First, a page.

Tahlia Friedmann

March 3rd, 1986

The surgery went quickly; it’s so routine anymore, and her inevitable nauseous onset in recovery was anticipated. The nurses mitigated her discomfort with antiemetics and caring after-care as she began to come out of the haze. 

Her quiet family waited anxiously in the lounge, hopeful for good news. Answering their prayers, the doctor said she’d come through the surgery fine. “You’ll be able to see her soon,” came the reassurance, while the room full of relatives released a collective sigh.

With bandages tightly strapped to her disappeared mounds, the pressure of remaining whole had taken its toll. Her strength had waned during this battle and had challenged her fortitude. It was to be expected. 

The family entered the room. “How are you feeling, dear?” Their worry plastered all over their faces, their love too. “Okay, considering I lost my husband and my boobs,” her attempting a joke. That was to be expected too.

A Refusal to Withdraw

Bad things alert us
Focus energy inward
Living fully free

The Stages

1) Awakening
     a) Sensing
     b) Exploration
     c) Discovery
2) Living
     a) External pressures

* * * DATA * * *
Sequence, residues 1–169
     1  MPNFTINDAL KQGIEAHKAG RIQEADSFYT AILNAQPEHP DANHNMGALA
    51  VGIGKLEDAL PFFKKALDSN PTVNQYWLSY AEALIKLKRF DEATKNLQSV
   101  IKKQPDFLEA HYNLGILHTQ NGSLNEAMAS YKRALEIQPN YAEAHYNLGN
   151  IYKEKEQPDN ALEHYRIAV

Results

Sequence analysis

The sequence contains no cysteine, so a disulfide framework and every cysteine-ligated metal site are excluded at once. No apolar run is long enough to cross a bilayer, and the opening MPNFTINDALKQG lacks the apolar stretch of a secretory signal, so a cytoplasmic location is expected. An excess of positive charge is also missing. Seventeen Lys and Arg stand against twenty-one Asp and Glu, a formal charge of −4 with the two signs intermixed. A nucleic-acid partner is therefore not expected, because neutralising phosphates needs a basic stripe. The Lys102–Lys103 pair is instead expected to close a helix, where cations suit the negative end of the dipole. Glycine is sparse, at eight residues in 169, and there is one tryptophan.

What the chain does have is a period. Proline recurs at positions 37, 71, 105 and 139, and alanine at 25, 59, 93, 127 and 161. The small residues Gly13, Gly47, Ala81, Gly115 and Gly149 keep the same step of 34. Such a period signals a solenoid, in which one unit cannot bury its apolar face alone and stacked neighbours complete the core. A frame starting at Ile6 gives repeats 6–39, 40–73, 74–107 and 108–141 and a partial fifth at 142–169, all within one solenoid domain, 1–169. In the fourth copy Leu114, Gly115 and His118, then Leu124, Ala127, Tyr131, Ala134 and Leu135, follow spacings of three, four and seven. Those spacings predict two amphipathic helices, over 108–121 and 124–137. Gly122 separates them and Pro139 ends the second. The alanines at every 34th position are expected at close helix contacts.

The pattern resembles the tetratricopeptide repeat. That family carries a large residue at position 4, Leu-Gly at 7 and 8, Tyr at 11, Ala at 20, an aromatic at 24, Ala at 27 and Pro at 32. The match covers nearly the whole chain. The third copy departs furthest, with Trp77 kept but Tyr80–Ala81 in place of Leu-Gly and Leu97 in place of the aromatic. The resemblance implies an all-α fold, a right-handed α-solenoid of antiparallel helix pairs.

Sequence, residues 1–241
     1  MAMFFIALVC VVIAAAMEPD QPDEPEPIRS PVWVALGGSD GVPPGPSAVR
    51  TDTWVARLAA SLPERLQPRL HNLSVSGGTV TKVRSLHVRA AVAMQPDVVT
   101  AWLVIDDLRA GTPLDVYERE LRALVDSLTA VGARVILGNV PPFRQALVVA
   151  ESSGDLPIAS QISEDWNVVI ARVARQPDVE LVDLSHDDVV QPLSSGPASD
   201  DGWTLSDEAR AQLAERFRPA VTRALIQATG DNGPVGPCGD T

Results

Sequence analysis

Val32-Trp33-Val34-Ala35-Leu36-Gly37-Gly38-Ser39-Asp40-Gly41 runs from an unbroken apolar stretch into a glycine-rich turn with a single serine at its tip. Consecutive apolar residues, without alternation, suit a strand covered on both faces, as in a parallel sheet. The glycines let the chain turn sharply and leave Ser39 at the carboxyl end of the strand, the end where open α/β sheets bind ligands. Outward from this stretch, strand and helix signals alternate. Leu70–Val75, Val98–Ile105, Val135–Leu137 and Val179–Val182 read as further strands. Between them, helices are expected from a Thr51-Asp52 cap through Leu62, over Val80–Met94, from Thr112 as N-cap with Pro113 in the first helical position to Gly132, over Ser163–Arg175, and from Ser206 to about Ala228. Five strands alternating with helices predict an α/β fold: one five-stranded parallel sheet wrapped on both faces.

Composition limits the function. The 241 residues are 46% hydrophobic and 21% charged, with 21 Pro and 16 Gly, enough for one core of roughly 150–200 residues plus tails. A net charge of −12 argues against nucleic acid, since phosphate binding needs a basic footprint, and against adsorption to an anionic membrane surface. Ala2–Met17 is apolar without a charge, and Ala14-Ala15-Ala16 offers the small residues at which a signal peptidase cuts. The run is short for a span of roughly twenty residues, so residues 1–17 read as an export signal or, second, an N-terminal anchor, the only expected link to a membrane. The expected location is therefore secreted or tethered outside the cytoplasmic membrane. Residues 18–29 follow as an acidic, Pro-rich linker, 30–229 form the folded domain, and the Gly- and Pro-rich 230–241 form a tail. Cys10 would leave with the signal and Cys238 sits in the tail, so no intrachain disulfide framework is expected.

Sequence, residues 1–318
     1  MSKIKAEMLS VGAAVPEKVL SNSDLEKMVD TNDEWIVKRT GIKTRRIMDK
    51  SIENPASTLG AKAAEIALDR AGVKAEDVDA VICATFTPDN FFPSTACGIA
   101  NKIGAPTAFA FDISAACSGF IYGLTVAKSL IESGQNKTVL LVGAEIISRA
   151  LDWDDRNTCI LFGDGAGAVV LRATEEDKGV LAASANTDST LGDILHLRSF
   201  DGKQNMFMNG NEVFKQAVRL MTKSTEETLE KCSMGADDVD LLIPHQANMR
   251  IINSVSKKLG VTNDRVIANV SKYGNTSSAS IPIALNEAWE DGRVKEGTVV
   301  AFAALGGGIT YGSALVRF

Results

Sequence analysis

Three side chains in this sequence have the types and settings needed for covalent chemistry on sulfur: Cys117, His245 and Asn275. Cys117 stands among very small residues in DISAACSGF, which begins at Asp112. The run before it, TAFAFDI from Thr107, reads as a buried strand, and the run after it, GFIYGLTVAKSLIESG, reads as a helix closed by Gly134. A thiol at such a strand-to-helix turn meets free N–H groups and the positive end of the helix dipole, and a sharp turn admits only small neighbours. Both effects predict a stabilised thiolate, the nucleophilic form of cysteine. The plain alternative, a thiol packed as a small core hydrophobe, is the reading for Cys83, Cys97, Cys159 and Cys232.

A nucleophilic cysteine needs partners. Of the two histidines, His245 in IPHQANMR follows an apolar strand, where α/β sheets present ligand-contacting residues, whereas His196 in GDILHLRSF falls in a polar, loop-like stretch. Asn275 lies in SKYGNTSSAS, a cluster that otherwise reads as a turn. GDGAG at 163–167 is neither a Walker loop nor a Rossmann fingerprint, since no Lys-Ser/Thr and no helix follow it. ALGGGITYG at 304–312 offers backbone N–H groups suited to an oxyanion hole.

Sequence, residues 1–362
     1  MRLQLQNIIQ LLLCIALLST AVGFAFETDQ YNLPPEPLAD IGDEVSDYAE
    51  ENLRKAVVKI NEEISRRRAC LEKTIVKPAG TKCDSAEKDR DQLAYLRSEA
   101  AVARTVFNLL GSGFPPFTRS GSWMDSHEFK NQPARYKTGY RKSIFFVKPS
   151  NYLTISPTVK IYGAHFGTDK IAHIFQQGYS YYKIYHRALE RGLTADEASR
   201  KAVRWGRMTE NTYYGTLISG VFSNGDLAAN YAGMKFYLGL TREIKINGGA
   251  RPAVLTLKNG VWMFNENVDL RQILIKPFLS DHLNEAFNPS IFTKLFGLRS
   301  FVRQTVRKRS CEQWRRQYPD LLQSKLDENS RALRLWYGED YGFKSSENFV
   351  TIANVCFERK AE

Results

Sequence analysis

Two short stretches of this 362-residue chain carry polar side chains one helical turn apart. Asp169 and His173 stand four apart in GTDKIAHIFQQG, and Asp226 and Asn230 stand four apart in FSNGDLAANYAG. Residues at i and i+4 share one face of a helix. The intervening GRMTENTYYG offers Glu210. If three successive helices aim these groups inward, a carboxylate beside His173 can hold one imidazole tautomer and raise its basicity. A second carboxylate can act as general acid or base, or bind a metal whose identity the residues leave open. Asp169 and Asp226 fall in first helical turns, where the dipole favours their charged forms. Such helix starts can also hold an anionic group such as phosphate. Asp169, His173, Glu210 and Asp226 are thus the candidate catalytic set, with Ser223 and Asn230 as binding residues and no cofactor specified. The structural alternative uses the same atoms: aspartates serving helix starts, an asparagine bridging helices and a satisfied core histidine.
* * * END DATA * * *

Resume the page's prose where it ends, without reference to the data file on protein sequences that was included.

b) Responsibilities
     c) Chasing Joy
3) Ending
     a) Family sorrow
     b) Graceful exit
     c) Peace

A Good Day

I hear the daffodil’s laughter as I walk by. My smile, a hello, and thanks for brightening my day. The gentle breeze steps with me, guiding me along. Its feathery wisps enveloping on my way. Deeply, I inhale the goodness of today, hoping it will last for an eternity. The sun above reassures me, and the birds sail by singing me a love song. I am enveloped by natural grace. It’s a good day.     

With Me No More

Body parts removed
My essence went off balance
But cancer didn’t win


Tahlia Friedmann has two marriages behind her, and is also a breast cancer survivor. She lives on a farm, and quite likes her life now. This is Tahlia’s first feature on The Short of It.


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“All the tests are back. I’m sorry to be the bearer of bad news, but it’s breast cancer.”

Hearing that from the doctor sucked the wind out of my lungs. So many of my friends knew someone who had it or dealt with it themselves. My knowledge about all the stages, chemo, double mastectomies, nausea, perky replacement breasts, and weed could fill a book. I never thought I would become the latest story in my circle.

“Mark, it’s advanced. Stage 3. We’ll need to make some decisions about your options fairly quickly. The good news is you’ll lose the moobs.”

NOTE – While it is rare, about 1 out of every 100 breast cancers diagnosed in the United States is found in a man. About 500 men a year lose their lives to the disease. Everyone, check your breasts regularly!